The purpose of this paper is to investigate Joseph Rowntree's philanthropy, and in particular, the Garden Village he founded, and then to clarify the importance of it as the model of a community that was like a neighbourhood unit, and as the inspiration behind the creation of the Welfare State in Britain.
In the late 19th century, two successful entrepreneurs, T. Salt and E. Akroyd, had founded the villages of Saltaire and Akroydon, respectively. They were located very close to the big mills that employed their workers. These villages somewhat improved the living conditions of their employees. In London, some funding was invested in improving housing conditions and received a 5per cent commercial return. Subsequently, the setting up of the Peabody Trust in 1862 led the way for others to follow, and the endowment of trusts by philanthropic individuals developed through the Guinness Trust which was started in 1889, the Sutton Housing Trust, founded in 1900, and the Samuel Lewis Trust, foundes in 1906.
But the great estate William Sutton left gave rise to fundamental social and political issues, in particular the role of charity in the provision of housing and relief of poverty. The size of his bequest raised fears that the trust could monopolise housing for the poor, disrupting local housing markets and undermining the rateable base of local authority income. Finally, the High Court of Chancery retained the direction of the Sutton Trust's affairs, exercising control over the initial funds and all surpluses generated.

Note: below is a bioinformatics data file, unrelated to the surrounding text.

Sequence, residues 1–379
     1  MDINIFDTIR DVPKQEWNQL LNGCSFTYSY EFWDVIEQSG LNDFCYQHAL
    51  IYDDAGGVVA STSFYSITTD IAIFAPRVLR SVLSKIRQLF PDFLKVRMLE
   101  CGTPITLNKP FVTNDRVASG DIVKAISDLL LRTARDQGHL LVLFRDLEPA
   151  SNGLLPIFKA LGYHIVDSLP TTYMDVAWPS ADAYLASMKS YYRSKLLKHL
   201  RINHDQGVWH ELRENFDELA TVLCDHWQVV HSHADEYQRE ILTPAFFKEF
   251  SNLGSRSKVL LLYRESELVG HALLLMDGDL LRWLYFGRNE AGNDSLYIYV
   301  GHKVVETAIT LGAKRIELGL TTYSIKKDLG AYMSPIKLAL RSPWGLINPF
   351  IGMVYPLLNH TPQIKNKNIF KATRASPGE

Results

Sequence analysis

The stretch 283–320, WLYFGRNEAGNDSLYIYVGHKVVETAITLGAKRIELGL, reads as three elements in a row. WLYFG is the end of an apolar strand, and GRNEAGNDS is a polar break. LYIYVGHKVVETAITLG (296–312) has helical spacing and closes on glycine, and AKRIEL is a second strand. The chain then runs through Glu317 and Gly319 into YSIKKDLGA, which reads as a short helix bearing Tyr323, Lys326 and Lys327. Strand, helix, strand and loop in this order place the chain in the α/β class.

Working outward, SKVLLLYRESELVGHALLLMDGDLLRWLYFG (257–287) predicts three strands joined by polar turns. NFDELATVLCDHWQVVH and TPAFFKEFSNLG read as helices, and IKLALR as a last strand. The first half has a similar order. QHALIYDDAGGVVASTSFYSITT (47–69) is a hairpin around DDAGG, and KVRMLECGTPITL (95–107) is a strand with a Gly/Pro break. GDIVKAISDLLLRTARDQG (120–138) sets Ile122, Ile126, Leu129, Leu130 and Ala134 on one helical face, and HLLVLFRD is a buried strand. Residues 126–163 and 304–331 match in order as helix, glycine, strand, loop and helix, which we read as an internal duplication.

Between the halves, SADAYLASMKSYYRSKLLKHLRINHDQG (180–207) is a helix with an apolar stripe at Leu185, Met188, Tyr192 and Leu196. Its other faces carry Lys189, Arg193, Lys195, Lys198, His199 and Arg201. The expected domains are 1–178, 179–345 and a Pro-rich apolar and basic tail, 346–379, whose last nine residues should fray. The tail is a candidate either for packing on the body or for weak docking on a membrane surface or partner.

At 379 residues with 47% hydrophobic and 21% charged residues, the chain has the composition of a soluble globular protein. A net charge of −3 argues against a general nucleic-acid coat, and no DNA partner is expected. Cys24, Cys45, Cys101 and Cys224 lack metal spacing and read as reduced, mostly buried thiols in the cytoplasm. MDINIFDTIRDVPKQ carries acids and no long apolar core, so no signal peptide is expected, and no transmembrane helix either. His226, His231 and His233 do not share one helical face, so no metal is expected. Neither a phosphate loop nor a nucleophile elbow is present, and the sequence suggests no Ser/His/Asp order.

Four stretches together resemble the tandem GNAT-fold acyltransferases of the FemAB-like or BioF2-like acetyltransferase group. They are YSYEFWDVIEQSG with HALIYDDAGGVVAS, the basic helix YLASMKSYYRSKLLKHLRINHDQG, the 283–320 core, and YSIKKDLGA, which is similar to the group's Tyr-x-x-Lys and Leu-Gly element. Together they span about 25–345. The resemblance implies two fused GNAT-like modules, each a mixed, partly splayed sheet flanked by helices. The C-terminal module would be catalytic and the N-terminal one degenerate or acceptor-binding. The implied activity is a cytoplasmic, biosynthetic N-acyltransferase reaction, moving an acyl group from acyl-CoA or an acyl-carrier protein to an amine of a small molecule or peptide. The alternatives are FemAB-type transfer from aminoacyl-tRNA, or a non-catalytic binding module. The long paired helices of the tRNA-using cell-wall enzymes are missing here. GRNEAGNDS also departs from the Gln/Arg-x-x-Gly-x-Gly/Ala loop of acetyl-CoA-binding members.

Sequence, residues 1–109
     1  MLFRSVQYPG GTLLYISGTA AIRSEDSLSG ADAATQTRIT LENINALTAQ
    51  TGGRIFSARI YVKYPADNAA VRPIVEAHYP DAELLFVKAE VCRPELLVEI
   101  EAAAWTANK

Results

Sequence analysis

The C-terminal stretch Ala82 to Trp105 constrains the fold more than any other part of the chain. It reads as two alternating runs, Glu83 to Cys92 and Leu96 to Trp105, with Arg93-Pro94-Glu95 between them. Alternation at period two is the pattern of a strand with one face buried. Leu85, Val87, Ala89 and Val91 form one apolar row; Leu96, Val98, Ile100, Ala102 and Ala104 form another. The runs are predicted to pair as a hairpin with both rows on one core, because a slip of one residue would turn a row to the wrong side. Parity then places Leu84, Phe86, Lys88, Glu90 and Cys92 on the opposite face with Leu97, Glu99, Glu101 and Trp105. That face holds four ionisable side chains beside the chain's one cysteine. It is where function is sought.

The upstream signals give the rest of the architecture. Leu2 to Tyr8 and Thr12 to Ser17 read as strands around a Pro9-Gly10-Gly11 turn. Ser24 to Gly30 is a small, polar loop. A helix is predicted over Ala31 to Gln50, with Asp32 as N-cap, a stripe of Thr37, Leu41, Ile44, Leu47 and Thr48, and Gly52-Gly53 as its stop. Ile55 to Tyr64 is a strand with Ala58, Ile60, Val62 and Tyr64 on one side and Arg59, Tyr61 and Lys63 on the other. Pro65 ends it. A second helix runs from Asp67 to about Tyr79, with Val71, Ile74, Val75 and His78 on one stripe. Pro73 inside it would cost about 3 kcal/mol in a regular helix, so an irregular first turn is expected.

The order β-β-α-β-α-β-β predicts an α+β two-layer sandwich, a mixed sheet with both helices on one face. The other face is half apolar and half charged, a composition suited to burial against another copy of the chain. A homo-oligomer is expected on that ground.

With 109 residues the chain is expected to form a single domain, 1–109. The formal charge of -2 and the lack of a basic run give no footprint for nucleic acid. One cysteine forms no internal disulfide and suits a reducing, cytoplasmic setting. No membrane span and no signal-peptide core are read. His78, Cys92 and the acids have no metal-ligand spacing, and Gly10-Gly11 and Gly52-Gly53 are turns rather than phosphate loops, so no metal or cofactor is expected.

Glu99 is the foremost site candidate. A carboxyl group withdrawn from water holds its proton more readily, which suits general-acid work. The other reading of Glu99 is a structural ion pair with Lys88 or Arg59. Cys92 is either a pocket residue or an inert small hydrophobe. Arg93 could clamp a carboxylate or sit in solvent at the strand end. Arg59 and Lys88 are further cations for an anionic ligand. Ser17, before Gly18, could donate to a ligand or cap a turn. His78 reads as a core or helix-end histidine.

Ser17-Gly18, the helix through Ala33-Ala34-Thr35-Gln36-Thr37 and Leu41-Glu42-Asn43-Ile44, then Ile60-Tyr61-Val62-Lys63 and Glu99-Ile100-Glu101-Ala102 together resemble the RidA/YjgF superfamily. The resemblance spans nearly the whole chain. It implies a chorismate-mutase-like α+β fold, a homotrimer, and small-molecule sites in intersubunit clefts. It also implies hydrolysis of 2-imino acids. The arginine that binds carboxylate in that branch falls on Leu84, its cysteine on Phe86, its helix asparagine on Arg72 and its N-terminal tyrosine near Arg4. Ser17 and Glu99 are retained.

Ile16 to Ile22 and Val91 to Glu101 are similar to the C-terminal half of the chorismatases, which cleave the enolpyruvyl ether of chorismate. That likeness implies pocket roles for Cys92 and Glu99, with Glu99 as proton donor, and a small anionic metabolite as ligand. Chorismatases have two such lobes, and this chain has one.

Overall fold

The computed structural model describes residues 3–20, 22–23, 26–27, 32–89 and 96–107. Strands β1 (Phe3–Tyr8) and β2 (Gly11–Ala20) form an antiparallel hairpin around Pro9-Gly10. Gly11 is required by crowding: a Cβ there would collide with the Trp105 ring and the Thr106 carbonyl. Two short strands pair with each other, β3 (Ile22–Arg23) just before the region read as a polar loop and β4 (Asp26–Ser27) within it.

Around the same time, in Birmingham, the Cadbury family moved their factory from the city centre to the countryside, to a site later renamed Bournville. While the factory was under construction, some attractive cottages were erected nearby. An experimental housing estate followed a few years later, which in 1900 became the Bournville Village Trust, a product of the age that created the Garden Cities' movement. In a sense, it was the philanthropic ideal that created this community.
In 1904, Joseph Rowntree, using approximately half his fortune, set up three separate Trusts. One of those was the JR Village Trust, which was concerned with living conditions and in particular with the houses at New Earswick, known as Garden Village. Through this Trust, an effort was made to provide houses that were artistic in appearance, sanitary, and thoroughly well-built yet within the means of working men earning about 25s. a week (i. e.
, the lowest incomegroup). In short, this project aimed to improve the housing of Rowntree's workers. Rowntree simultaneously intended to create a community that functioned like a neighbourhood unit. And so, for the inhabitants, the new village would mean something more than bricks and mortar.
Through the founding Garden Village and the providing of houses for his workers, the middle-class Rowntree philanthropically pursued social reform for the public good as he saw it. We can say that the Garden Village still lives on, and continues to play the role for which Rowntree intended it, of providing welfare for the poor.